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Heinz Endowments funds a new youth center in Downtown Pittsburgh

Three high school students hang out after school in Market Square in Downtown Pittsburgh
An-Li Herring
90.5 WESA
During the school year, many students congregate downtown before taking Pittsburgh Regional Transit buses home.

While concerns persist about the dwindling popularity of Pittsburgh’s Downtown neighborhood, local foundations aim to boost the desirability of the area by establishing a new gathering space for young people.

Headquartered Downtown itself, the POISE Foundation says on its website that it distributes philanthropic funds to programs that empower members of the region’s Black community and promote self-sufficiency.

The POISE Foundation plans to facilitate the opening of a Downtown Youth Enrichment Center with the support of a $350,000 grant from The Heinz Endowments, according to a statement Thursday from The Heinz Endowments.

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The Alliance for Police Accountability, which has been prominent in the local Black Lives Matter movement, will partner with the POISE Foundation to open the center.

“Our youth are being bused Downtown as a throughway to get home from school,” said Brandi Fisher, the alliance’s president and CEO. “And so, we want to be a hub, a safe place for young people to come.”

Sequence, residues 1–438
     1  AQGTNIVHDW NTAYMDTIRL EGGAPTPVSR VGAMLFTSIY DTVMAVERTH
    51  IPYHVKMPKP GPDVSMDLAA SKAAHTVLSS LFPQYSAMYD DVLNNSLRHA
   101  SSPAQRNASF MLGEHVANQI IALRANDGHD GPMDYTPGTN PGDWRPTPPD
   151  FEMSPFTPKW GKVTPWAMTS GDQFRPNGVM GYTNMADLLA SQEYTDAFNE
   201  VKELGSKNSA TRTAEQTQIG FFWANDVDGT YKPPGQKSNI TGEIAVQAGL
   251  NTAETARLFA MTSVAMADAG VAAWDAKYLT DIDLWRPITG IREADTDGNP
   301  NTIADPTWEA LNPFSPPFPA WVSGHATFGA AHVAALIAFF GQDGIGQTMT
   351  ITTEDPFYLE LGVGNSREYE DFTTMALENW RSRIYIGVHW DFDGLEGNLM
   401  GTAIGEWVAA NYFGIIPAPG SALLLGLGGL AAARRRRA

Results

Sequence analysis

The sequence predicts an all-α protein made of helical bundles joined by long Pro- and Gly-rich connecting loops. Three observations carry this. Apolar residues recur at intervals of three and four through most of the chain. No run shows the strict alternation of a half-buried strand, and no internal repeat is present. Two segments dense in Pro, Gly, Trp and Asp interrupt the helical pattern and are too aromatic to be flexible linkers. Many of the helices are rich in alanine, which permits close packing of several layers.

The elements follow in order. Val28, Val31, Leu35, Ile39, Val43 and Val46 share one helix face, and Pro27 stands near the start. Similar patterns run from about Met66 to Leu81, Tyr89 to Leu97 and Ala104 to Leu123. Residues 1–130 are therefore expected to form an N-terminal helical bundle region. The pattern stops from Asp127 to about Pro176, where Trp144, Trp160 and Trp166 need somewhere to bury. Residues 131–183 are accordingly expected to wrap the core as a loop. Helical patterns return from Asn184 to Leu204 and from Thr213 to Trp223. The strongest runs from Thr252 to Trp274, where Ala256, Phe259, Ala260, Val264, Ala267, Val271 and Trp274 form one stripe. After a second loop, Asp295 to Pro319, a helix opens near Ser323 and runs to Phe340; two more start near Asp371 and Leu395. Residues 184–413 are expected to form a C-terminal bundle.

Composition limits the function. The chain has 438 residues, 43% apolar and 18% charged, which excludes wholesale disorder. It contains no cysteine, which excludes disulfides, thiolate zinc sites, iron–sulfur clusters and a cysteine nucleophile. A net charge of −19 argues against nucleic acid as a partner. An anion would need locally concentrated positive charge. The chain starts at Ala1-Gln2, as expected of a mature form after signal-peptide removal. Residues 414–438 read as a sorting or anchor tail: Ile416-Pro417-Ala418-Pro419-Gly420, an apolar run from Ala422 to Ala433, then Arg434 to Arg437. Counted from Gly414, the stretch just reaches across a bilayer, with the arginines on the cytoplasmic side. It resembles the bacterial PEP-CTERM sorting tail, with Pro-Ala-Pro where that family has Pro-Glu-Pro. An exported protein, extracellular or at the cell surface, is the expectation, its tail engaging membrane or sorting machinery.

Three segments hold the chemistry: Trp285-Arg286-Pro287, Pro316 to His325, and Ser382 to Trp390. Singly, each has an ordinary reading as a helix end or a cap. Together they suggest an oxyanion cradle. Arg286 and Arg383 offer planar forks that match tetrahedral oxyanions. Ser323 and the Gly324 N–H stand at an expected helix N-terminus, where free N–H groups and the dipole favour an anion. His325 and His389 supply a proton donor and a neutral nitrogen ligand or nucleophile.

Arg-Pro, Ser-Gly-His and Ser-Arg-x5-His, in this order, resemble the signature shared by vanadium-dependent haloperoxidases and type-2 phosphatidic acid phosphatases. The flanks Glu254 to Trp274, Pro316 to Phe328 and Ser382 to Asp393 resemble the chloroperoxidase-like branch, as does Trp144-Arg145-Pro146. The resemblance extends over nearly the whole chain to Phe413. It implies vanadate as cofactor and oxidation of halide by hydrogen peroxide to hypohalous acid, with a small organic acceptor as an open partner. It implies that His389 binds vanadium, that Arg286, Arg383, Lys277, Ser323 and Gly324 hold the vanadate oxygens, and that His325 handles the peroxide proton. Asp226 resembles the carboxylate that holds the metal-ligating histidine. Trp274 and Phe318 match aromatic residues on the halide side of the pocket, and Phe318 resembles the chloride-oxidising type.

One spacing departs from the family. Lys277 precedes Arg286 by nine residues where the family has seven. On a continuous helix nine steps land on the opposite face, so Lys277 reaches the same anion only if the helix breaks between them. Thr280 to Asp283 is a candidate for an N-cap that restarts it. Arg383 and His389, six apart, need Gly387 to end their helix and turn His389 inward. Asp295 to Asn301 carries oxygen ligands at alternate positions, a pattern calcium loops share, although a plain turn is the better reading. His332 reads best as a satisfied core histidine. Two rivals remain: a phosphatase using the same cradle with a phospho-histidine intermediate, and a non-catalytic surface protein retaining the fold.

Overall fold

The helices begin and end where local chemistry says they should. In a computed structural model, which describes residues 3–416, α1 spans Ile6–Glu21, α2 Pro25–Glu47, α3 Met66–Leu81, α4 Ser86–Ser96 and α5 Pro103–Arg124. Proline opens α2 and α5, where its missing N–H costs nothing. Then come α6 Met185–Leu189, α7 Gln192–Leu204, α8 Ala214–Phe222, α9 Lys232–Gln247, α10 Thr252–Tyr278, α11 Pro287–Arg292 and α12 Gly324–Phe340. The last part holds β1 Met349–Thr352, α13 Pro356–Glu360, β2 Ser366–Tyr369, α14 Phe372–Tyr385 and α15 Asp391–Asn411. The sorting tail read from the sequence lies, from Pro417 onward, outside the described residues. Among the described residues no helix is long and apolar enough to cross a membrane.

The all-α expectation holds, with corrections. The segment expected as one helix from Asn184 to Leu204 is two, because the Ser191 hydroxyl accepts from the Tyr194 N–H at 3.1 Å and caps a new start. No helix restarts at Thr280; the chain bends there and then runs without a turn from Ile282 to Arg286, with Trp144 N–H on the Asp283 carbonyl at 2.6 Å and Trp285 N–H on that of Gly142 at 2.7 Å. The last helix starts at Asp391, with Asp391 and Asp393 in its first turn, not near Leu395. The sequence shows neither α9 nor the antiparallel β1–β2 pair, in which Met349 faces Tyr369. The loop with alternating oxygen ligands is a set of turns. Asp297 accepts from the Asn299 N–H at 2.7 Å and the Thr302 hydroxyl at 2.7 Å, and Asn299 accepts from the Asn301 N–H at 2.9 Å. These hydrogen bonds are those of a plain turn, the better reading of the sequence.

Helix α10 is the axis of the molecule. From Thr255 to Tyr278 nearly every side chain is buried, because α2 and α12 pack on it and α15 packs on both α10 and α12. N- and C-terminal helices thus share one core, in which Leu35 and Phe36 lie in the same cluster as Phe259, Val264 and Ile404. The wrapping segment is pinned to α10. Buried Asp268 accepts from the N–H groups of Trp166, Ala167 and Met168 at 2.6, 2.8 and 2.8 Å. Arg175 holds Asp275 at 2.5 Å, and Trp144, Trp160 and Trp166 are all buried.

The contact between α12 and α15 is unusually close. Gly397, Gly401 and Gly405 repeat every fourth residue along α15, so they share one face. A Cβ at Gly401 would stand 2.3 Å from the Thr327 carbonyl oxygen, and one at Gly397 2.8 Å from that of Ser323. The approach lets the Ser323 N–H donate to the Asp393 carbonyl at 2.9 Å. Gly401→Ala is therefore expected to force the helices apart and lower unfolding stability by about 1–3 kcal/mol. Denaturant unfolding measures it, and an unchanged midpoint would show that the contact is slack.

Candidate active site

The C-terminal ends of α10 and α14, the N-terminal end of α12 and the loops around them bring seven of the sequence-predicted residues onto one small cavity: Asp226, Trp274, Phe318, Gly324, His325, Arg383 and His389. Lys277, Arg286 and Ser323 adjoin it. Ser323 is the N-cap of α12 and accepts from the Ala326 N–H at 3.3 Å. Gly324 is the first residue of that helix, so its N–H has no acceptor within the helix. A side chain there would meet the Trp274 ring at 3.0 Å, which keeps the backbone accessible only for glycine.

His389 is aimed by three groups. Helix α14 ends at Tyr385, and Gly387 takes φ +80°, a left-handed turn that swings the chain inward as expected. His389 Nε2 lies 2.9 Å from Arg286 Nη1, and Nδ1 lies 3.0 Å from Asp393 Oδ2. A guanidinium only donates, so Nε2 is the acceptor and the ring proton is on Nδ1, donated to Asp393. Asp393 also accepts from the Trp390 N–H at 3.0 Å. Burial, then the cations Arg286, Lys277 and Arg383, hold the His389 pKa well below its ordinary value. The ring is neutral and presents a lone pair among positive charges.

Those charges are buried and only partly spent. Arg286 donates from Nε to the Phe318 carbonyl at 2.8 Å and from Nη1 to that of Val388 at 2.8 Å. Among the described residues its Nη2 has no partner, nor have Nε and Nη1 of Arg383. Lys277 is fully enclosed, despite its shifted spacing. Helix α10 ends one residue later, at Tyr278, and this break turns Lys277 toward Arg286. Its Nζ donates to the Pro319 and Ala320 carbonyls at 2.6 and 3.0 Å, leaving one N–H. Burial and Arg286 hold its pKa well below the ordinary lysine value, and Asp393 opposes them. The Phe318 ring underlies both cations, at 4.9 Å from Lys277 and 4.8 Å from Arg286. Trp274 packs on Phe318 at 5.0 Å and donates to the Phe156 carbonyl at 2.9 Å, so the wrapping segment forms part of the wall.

“The center also is intended to address concerns from youth, parents and Downtown stakeholders about the lack of safe and positive gathering spaces for young people,” The Heinz Endowments added in its announcement of the grant.

Middle and high school students tend to congregate in and around shops and eateries in the Golden Triangle because they have few other options, Fisher noted. “And businesses see that as loitering."

Once it opens in June or July, the new youth center will be free to teens of all ages between 6 a.m. and 8 p.m. The Alliance for Police Accountability will also form a youth debate team and educate young people on community organizing. It runs annual field trips and plans this summer to take students to the Smithsonian National Museum of African American History & Culture in Washington, D.C.

The grant for the youth center is one of 62 awards The Heinz Endowments unveiled Thursday. Totaling $11 million, the funding addresses issues ranging from food insecurity and education to housing and environmental health, according to the endowments.

Center of Life, in Hazelwood, received the largest award: $600,000 for outreach and education programs for children and adults.

A more extensive description of the grantees appears on The Heinz Endowments’ website.

WESA has previously received funding from The Heinz Endowments.